Hobble (device)

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A hobbled donkey in Sardinia

A hobble is a device that prevents or limits the locomotion of a human or an animal, by tethering one or more legs. Although hobbles are most commonly used on horses, they are sometimes used also on other animals. On dogs, they are used especially during force-fetch training to limit the movement of a dog's front paws when training it to stay still.[1] They are made from leather, rope or synthetic materials such as nylon and Neoprene. There are various designs for breeding, casting and mounting horses.


Hind leg pull up strap
Drovers' and cattle hobbles

Western horse hobbles[edit]

"Western"-style horse hobbles are tied around the pasterns or cannon bones of the front legs of the horse. They comprise three basic types:

The above patterns are unsuitable for training as they can tighten around a leg and cause injury.

Western hobbles are normally used to secure a horse when no tie device, tree or other object is available to secure a horse. When traveling across open lands, if a rider has to dismount for various reasons, the horse can be secured. Hobbles also allow a horse to graze and move short and slow distances, but prevent the horse from running off too far. This is handy at night if the rider has to get some sleep so in the morning he can find his horse, not too far away.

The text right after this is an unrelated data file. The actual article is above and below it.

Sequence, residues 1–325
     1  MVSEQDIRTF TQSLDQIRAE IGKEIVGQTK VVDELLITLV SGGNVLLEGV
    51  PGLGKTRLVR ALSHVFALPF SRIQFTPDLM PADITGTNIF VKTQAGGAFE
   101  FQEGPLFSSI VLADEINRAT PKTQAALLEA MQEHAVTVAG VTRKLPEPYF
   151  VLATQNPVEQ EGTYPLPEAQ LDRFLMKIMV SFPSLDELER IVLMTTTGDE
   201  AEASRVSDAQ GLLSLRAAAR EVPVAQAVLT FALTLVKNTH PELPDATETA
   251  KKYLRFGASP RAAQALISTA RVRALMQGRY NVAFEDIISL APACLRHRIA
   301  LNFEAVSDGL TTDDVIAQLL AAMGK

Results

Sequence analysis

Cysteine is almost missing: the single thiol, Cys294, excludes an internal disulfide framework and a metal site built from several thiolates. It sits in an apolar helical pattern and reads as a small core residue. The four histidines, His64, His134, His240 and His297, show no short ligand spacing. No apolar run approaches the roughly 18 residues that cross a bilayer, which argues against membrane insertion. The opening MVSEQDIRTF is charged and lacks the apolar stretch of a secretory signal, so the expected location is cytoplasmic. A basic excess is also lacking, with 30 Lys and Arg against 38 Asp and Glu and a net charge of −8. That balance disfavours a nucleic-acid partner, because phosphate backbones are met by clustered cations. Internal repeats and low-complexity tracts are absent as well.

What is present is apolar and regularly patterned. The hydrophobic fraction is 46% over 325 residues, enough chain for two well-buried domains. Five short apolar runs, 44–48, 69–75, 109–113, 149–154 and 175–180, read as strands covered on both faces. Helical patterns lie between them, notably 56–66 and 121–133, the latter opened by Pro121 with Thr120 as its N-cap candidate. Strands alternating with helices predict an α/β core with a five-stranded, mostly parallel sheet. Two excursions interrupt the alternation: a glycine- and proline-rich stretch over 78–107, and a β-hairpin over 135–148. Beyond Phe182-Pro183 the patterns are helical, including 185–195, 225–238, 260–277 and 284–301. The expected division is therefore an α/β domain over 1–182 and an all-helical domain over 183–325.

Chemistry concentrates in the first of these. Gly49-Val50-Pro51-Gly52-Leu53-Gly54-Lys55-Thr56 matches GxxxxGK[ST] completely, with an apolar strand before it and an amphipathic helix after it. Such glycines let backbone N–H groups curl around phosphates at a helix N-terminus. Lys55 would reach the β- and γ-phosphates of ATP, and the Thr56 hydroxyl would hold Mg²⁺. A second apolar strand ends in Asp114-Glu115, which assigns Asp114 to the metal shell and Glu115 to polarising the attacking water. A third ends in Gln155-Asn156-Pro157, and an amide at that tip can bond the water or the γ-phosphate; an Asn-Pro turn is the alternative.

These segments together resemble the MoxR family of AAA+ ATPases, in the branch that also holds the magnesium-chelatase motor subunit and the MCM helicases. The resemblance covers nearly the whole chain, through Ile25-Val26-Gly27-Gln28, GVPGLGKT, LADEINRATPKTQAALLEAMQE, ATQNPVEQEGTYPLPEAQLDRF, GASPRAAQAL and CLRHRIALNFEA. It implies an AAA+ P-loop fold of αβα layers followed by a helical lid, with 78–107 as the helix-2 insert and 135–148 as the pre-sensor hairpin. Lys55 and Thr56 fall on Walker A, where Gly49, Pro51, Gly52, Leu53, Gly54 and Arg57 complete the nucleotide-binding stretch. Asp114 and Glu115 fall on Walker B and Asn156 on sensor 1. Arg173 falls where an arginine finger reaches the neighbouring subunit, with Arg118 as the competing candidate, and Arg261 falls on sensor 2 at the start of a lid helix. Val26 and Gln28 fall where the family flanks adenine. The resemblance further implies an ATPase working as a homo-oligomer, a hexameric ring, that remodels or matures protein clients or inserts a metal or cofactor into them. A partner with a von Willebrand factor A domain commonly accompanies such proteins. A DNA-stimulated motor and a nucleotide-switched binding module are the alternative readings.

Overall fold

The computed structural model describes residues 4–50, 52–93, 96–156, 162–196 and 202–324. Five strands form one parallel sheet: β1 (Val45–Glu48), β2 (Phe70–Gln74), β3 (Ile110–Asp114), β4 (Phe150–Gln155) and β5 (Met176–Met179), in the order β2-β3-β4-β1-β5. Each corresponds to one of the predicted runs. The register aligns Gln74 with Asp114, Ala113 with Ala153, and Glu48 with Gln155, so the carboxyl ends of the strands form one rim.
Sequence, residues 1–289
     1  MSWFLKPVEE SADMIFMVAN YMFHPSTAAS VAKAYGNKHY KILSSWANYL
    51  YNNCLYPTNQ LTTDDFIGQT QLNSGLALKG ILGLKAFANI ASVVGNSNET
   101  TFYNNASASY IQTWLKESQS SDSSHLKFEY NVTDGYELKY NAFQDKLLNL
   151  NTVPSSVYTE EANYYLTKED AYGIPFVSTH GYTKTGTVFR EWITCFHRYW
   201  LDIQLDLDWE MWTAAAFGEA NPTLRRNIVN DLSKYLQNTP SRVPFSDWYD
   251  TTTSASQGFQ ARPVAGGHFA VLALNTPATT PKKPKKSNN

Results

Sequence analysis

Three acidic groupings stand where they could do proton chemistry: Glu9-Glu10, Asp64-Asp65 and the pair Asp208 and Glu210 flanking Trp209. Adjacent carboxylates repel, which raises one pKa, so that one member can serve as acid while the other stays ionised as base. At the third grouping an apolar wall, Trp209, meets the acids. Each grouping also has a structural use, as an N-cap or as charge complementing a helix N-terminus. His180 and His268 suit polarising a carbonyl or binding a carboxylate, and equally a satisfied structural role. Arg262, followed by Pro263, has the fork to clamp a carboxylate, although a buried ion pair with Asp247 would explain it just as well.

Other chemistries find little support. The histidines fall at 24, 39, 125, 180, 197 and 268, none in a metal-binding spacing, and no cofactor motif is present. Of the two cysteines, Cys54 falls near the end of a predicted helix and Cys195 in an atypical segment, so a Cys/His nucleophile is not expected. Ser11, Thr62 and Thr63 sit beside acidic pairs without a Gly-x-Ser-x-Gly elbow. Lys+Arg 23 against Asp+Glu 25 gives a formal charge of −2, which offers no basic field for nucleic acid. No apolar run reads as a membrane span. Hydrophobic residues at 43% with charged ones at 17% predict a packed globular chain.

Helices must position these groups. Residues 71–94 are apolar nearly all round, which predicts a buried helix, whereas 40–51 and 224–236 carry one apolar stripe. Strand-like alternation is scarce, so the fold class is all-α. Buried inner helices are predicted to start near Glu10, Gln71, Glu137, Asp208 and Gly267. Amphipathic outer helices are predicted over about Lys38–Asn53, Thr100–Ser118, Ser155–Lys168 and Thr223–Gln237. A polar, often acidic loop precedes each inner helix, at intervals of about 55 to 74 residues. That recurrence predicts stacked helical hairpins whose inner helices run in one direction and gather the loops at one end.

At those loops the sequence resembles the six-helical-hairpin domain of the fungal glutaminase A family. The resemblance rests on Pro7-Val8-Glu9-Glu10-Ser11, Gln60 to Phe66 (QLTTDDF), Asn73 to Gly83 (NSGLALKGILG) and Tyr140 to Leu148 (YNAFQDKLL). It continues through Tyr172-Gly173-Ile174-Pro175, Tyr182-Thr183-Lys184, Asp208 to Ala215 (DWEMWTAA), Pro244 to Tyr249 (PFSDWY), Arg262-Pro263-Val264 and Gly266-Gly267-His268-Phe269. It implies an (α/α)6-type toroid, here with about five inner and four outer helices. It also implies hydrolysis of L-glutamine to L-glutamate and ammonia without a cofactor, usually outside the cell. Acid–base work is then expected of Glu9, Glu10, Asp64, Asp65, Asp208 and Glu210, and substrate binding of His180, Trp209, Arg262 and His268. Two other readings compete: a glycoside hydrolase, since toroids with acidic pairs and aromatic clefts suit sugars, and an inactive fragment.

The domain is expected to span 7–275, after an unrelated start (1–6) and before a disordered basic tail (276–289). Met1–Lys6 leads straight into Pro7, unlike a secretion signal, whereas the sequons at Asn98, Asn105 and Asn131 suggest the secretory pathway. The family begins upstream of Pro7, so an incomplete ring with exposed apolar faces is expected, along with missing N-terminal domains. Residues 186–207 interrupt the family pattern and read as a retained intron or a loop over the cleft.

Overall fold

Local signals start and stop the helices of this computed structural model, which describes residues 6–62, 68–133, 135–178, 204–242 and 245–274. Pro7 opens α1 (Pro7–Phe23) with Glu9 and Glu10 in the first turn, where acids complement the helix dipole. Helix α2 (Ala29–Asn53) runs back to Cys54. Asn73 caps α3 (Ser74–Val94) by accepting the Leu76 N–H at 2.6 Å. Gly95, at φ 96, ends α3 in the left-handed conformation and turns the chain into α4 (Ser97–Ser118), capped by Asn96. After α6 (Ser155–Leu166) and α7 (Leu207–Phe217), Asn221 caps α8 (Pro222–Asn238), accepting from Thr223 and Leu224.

Hobble training a horse is a form of "sacking out" and desensitizing a horse to accept restraints on its legs. This helps a horse accept pressure on its legs in case it ever gets caught up in some barbed wire or fencing. A hobble trained horse is less likely to pull, struggle and cut its legs in a panic, since it has been taught to give to pressure in its legs.

Other hobbles[edit]

Pacing hopples


hobble rope

(a sound in the range of [] to [])

cattle hobble, or yoke

(Egyptian numeral for 10)

Hobbles date at least as far back as Ancient Egypt. Two Egyptian hieroglyphs are believed to depict hobbles.

See also[edit]


  1. ^ Dog Hobbles, Gun Dogs Online, accessed December 5, 2008.
  2. ^ Solid Hide Belts Retrieved on 11-3-2009
  3. ^ "Nylon Breeding Hobbles". KY Horse. Retrieved 28 June 2011. 
  1. R. J. Sagely. "The How-To's of the Hobble". Retrieved October 25, 2005.  — A detailed discussion of the various types of Western hobbles
  2. Alan Henderson Gardiner (1957). Egyptian Grammar; Being an Introduction to the Study of Hieroglyphs. Griffith Institute.